People who don’t work in aviation are often surprised to learn that the antiquated floppy disk is still used in some instances to load essential software and data to aircraft. Such labor intensive manual processes are not only inefficient, but costly to boot. But if Teledyne Controls has its way, the use of floppy disks and other physical media for data loading will become a thing of the past.
The company recently launched the Loadstar Server Enterprise 3 (LSE 3) tool, a comprehensive ground-based application that allows airlines to efficiently manage the configuration, storage and electronic distribution of field loadable software and data to aircraft through a single user interface.
LSE 3 connects over ethernet, cellular or Wi-Fi, to ARINC 615-3 and ARINC 615A portable data loaders, of which there are myriad types on the market, including solutions from Teledyne Controls. It also supports the wireless transfer of software parts directly to aircraft, when used with Teledyne GroundLink Comm+ and enhanced Airborne Data Loader systems, therefore automating the distribution process even further.
The floppy disk problem is very real. A flight management system requires an update every 28 days or you can’t fly the airplane. “Floppies break, or the data becomes corrupted, and the process of distribution is cumbersome and ineffective,” says Craig Aitken, senior director dataloading solutions at Teledyne Controls. “Airlines will be losing millions in unnecessary labor costs and aircraft stuck on the ground when they should be in the air.”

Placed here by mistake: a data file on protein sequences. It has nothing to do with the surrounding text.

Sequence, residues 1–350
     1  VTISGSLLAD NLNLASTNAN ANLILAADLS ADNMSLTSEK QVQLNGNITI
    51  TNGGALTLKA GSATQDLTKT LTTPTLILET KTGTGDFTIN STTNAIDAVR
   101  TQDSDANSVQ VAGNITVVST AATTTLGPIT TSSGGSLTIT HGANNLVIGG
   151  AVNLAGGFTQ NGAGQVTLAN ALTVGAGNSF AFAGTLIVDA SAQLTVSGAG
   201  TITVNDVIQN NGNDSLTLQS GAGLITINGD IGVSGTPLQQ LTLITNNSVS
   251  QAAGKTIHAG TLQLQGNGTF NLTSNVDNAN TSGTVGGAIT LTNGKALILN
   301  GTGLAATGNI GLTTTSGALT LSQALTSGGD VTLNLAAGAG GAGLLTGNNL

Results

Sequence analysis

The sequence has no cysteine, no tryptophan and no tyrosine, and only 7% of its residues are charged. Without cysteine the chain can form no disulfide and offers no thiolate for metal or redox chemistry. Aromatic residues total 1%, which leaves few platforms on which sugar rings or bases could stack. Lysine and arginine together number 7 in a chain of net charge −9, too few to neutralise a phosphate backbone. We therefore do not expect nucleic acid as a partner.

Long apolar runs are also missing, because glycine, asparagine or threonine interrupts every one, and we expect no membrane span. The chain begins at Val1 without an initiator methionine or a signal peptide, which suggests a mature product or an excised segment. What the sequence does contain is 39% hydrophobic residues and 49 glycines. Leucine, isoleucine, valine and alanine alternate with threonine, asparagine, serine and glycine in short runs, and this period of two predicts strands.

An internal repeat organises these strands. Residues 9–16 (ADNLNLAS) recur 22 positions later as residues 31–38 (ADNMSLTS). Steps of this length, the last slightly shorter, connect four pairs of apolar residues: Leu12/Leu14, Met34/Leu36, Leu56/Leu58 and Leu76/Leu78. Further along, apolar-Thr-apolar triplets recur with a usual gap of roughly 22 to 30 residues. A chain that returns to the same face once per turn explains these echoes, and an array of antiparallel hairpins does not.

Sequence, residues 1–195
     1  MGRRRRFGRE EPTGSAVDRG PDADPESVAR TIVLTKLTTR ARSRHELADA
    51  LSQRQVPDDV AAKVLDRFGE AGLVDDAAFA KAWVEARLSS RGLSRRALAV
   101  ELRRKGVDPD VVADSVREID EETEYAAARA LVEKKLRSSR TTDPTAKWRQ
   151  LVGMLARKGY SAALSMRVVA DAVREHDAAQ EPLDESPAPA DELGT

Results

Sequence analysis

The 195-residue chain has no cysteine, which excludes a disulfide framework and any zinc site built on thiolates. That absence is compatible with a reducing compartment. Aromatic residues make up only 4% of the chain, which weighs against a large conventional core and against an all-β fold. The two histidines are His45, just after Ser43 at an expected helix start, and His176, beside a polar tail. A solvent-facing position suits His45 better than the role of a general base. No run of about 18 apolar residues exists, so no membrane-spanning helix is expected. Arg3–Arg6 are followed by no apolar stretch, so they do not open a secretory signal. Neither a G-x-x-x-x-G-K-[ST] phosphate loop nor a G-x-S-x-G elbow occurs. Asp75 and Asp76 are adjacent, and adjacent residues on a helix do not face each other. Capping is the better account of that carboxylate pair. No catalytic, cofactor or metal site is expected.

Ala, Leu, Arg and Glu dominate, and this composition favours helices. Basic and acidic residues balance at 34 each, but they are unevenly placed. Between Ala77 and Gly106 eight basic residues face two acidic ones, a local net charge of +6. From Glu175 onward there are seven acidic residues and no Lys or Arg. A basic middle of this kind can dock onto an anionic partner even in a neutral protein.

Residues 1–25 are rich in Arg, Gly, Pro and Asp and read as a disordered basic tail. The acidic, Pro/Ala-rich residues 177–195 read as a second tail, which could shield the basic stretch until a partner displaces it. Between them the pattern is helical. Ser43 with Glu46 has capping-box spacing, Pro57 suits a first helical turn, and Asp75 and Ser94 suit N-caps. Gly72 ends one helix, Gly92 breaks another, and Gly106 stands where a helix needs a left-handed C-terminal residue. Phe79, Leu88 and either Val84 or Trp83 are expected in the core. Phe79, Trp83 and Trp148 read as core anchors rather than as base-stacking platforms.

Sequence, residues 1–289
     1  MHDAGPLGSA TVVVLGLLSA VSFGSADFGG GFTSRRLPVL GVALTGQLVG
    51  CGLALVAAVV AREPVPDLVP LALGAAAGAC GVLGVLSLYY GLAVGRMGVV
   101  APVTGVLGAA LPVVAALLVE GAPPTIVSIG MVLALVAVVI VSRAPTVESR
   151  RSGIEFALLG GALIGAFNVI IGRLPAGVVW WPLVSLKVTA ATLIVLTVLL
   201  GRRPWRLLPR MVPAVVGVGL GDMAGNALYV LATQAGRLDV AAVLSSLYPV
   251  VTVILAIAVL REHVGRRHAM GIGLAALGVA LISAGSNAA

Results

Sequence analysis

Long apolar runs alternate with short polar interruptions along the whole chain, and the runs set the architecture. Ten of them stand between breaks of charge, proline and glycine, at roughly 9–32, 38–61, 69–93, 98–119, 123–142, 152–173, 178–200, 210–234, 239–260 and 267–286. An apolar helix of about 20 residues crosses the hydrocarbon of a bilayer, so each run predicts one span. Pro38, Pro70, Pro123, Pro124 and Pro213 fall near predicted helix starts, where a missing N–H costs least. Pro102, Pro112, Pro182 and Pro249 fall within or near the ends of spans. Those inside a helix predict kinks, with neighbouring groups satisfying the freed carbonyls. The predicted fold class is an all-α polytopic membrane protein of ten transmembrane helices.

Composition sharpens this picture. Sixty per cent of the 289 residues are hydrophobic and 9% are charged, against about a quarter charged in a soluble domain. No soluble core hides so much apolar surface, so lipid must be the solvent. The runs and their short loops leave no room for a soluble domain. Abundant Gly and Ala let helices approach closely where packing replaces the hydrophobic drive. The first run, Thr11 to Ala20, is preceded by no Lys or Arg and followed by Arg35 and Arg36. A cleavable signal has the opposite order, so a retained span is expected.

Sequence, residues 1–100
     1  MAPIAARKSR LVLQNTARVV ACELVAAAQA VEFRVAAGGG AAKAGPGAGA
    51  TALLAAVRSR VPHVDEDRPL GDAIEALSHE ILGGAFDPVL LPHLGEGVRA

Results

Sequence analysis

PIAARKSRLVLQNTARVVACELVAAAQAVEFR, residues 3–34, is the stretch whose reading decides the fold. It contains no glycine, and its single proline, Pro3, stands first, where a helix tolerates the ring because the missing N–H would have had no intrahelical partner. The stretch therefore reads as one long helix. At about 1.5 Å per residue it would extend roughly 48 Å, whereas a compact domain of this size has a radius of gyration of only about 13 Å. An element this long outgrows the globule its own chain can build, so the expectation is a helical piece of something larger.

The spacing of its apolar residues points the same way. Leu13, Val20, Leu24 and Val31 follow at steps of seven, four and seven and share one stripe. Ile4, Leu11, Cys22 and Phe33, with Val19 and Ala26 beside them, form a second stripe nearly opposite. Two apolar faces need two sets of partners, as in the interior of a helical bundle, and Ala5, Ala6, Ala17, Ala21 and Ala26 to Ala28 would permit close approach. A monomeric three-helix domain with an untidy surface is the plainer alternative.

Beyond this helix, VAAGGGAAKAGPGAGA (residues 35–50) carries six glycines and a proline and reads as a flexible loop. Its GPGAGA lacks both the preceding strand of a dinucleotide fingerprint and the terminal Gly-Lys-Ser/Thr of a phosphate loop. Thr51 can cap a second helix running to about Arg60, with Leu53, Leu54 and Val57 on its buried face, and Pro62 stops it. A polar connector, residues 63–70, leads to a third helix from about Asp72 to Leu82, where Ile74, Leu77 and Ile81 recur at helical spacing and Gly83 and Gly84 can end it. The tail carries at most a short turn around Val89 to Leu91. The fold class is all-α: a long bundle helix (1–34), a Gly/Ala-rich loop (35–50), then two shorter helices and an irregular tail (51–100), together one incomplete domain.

At present, many aircraft are parked due to the fallout of the coronavirus pandemic. But as business returns, airlines will seek cost-efficient ways to streamline services. “LSE 3 not only ensures the efficient, electronic distribution of software parts, but also does so in a way that minimizes maintenance paperwork and maximizes regulatory compliance by providing automated load reporting and software part distribution. The centralized library of parts and databases simplifies configuration management for an entire fleet,” says Aitken.
Full access to the system is entirely under airline control, and only encrypted communications from authenticated clients can gain access to LSE 3, says Teledyne Controls. The system also tracks the delivery and provides reports for all software parts loaded on aircraft and helps collect and return aircraft downloads from the field.
Interestingly – and shockingly for some – floppy disks are also still sometimes used to load inflight entertainment content to aircraft. Asked by Runway Girl Network if LSE 3 holds applications for IFE, a Teledyne Controls spokesman said: “Yes it could, but that would not be its main purpose.”
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